The Federal Reserve Bank of New York works to promote sound and well-functioning financial systems and markets through its provision of industry and payment services, advancement of infrastructure reform in key markets and training and educational support to international institutions.
The Outreach and Education function engages, empowers and educates the Second District communities that the Bank serves, especially civic leaders, students, educators, small business owners, policymakers and the general public. It furthers the Bank's commitment to the region by listening to the communities we serve and leveraging our unique attributes to positively impact school and university programs, as well as analysis and research.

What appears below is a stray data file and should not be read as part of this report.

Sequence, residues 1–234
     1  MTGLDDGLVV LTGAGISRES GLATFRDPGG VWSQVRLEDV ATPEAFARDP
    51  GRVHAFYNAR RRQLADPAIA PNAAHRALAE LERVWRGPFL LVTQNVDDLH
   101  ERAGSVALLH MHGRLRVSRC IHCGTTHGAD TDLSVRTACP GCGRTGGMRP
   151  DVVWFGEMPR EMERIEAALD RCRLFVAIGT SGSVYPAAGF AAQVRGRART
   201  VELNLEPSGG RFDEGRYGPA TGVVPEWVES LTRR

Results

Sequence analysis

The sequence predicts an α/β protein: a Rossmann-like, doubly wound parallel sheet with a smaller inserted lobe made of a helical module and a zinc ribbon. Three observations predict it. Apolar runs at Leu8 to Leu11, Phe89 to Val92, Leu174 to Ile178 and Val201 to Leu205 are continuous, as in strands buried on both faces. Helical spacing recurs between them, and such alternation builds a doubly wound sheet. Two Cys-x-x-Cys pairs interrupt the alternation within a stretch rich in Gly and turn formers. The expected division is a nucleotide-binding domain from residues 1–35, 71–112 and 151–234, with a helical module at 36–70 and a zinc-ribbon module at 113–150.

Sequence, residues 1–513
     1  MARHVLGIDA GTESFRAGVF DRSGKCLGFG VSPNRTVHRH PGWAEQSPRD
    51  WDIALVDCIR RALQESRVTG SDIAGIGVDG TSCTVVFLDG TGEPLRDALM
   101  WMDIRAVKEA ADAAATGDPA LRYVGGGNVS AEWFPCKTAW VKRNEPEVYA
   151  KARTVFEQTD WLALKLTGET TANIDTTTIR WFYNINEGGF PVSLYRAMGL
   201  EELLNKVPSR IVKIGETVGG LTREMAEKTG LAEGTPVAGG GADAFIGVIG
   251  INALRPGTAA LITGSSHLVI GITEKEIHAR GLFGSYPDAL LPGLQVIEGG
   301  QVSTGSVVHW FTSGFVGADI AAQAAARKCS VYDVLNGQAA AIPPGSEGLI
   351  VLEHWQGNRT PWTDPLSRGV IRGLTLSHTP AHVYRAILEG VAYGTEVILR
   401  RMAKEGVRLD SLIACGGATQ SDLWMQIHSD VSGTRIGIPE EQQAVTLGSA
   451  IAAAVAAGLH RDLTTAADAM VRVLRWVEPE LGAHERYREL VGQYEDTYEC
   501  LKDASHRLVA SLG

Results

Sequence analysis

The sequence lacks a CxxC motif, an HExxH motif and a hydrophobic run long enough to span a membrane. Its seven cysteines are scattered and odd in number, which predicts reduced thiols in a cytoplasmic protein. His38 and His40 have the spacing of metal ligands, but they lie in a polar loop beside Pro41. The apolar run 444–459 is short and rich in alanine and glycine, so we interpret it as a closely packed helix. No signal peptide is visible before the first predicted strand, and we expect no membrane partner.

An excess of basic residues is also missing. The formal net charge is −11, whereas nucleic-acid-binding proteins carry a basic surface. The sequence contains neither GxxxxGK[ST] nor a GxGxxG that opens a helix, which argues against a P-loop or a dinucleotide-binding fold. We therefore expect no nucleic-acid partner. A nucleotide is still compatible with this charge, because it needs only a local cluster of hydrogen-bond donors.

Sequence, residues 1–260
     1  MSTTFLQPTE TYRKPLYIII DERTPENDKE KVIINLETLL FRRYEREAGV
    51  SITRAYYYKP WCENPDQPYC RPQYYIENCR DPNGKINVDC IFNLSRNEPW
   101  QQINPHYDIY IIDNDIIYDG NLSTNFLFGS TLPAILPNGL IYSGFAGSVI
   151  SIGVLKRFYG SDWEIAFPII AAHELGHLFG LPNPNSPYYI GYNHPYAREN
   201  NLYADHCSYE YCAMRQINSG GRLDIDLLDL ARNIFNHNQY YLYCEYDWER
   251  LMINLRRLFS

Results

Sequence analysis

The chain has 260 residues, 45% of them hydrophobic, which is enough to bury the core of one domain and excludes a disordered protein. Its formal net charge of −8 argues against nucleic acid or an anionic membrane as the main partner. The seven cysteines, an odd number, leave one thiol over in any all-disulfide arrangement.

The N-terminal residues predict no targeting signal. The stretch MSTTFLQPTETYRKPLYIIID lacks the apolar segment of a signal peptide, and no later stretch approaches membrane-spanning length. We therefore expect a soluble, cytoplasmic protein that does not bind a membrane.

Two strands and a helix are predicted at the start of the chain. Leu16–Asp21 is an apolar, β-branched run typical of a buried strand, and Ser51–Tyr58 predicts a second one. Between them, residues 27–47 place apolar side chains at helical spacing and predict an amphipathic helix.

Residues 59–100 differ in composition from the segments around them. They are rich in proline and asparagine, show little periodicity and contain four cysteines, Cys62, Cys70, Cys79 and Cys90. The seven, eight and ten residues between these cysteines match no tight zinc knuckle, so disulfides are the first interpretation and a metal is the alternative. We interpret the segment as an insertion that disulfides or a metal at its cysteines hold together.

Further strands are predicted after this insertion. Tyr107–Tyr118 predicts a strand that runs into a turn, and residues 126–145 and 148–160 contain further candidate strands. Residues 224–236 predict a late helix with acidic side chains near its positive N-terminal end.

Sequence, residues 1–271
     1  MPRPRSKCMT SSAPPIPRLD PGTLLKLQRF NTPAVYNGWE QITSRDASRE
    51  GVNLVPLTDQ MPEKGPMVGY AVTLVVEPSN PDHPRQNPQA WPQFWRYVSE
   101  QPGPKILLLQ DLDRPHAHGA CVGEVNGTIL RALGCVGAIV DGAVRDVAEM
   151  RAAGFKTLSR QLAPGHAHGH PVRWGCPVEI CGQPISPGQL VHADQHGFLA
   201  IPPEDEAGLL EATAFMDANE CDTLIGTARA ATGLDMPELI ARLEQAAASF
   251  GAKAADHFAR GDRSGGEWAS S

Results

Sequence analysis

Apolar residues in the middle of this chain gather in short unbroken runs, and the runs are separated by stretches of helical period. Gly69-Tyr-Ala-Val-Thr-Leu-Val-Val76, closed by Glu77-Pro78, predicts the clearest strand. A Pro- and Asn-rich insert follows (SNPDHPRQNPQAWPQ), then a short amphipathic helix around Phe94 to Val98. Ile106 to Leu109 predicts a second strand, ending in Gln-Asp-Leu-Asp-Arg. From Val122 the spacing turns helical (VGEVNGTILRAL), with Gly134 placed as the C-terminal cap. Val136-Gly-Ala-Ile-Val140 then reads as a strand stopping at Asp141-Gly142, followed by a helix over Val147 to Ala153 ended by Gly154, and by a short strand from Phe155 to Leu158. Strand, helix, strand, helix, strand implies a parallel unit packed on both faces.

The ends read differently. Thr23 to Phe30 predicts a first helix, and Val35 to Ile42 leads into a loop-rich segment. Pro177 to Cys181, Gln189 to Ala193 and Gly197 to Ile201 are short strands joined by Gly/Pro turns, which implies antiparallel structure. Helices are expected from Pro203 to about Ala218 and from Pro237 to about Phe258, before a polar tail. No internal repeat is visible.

Despite a robust college premium, college attendance rates in the United States have remained stagnant and exhibit a substantial socioeconomic gradient. We focus on information gaps— specifically, incomplete information about college benefits and costs—as a potential explanation for these patterns. In a nationally representative survey of U.S. household heads, we show that perceptions of college costs and benefits are severely and systematically biased: 74 percent of our respondents underestimate the true benefits of college (average earnings of a college graduate relative to a non-college worker in the population), while 77 percent report public college costs that exceed actual sticker costs. There is substantial heterogeneity in beliefs, with larger biases for the more disadvantaged groups, lower-income and non-college households. We show that these biases are problematic since they (indirectly) impact the respondents’ reported intended likelihood of their (pre-college-age) child attending college. We simulate an “information intervention,” and find that were individuals to be provided with the correct population distribution of college costs and returns, the intended child’s college attendance would increase significantly, by about 0.2 of the standard deviation in the baseline intended likelihood. Importantly, as a result of the simulated intervention, gaps in college attendance by household income or parents’ education persist but decline by 30 to 50 percent.